Contrary to what the consultant to the Hawk and Owl Trust said in your article of May 8, there are two principal reasons for burning heather, particularly on the North York Moors.
One is to manage the build-up of plant material which poses a wildfire risk and which, when it catches fire in hot, dry conditions, burns with such intensity that it damages not just the moss layer at ground level but also the very carbon rich peat which is underneath.
On Fylingdales Moor (since managed by Hawk and Owl Trust) a devastating such wildfire took hold in 2003 and completely destroyed the peat over about 350 acres, which had been laid down over thousands of years. Massive quantities of carbon were released into the atmosphere or washed away. A further 350 acres were badly damaged and it all cost about £250,000 to revegetate it.
It took the fire and rescue service three weeks to bring this fire under control and cost them over £140,000 and two of their staff suffered significant injuries.
The other main reason prescribed burning is done is to break up the habitat and create edge effect which is so important for improving biodiversity for invertebrates, reptiles and many of the birds for whom the moors represent an important breeding ground.
Indeed, they carry the highest European designations - Special Area of Conservation (SAC) and Special Protection Area (SPA) - for both quality of the vegetation and for breeding birds because this management has provided the ideal habitat. Seventy five per cent of heather moorland left in the world is found in Britain.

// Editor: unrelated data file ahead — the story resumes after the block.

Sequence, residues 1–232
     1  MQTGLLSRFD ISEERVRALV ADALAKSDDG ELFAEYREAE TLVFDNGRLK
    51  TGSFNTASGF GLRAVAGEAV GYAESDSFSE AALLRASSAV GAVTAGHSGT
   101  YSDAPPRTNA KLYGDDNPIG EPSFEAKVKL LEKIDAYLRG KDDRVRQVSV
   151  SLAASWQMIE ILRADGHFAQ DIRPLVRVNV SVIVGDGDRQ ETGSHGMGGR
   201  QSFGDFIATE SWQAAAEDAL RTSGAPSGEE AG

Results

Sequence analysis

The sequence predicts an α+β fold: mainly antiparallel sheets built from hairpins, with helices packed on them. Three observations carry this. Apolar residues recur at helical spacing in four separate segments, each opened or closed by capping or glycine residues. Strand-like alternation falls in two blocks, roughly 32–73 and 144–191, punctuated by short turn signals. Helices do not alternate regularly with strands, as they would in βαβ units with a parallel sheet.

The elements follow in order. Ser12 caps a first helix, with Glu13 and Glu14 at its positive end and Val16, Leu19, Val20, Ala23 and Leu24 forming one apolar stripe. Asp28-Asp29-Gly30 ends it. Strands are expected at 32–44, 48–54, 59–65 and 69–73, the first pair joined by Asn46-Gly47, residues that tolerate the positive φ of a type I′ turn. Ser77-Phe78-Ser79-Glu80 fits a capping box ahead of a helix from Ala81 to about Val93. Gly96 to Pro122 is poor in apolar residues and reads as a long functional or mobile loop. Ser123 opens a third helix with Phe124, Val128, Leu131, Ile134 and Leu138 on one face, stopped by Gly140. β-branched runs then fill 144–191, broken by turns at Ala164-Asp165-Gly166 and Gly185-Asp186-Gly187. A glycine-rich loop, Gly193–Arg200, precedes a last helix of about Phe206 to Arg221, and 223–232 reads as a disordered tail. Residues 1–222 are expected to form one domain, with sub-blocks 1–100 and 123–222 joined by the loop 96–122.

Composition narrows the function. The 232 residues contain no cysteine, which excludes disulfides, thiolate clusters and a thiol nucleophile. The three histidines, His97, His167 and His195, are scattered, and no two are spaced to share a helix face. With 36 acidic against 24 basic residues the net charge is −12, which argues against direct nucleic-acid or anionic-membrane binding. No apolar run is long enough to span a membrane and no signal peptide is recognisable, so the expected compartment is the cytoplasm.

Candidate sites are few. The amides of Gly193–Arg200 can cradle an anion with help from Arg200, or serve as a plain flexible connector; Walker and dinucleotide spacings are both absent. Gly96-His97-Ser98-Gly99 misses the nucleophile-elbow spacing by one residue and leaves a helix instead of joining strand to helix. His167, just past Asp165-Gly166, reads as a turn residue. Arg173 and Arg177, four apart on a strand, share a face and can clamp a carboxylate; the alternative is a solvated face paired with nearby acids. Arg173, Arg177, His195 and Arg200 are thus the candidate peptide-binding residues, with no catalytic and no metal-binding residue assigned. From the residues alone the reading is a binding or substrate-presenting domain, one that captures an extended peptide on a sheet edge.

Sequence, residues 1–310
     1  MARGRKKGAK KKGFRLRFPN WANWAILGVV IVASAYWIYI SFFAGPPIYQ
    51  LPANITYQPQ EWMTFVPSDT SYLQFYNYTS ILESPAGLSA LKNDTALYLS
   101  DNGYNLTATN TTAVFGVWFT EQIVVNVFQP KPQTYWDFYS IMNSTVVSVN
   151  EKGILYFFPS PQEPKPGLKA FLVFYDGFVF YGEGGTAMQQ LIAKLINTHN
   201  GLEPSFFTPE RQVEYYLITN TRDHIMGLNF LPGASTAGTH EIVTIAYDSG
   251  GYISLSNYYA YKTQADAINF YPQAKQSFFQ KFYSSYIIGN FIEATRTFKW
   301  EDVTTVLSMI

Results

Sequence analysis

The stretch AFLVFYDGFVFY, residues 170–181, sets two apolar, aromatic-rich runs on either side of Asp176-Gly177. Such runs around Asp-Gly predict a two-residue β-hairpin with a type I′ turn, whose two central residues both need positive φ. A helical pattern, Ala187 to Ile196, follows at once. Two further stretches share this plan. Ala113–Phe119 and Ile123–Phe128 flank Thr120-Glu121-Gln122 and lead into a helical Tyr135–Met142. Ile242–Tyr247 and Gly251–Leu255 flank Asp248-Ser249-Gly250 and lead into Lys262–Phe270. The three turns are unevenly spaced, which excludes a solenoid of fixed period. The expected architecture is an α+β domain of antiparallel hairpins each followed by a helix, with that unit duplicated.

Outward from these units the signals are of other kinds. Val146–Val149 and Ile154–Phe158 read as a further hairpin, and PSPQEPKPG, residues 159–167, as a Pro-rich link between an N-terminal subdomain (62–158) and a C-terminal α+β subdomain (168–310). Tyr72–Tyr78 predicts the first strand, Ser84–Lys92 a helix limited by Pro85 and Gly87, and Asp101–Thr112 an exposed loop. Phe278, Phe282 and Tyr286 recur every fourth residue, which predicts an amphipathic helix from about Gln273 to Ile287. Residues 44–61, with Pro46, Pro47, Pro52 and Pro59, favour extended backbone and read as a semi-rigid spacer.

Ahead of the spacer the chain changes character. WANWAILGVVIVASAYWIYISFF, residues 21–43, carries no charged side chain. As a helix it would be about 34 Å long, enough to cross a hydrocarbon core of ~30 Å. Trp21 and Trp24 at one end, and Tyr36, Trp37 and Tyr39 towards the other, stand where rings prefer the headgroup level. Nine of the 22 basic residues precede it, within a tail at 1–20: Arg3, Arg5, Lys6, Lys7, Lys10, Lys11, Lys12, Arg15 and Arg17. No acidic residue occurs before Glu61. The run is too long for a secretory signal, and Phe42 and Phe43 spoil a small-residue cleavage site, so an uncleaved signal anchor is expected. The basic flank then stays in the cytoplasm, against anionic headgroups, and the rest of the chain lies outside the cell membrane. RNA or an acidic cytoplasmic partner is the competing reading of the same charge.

In particular, the merlin which is our smallest bird of prey and one of the two trigger species for the Special Protection Area (SPA) designation, is increasingly reliant on moorland managed like this to sustain its population. The UK population of merlin is about two thirds of that compared to harriers and 80 per cent of breeding records are now associated with moorland managed this way accordingly to a recent study.
Areas regenerating from small management strip burns are the areas chosen by the golden plover and green plover to make their nests and are vital for many other ground nesting birds such as the curlew and grouse to forage for insects and as places to dry out after rain when the longer adjacent vegetation is wet.
It will be interesting to see what observations the Harrier Help Campaign team of spotters come up with. In recent years there have been successful nests on the North York Moors of montague and marsh harrier. There are 1.3 million hen harriers in the world and less than 1 per cent of them nest on heather moorland.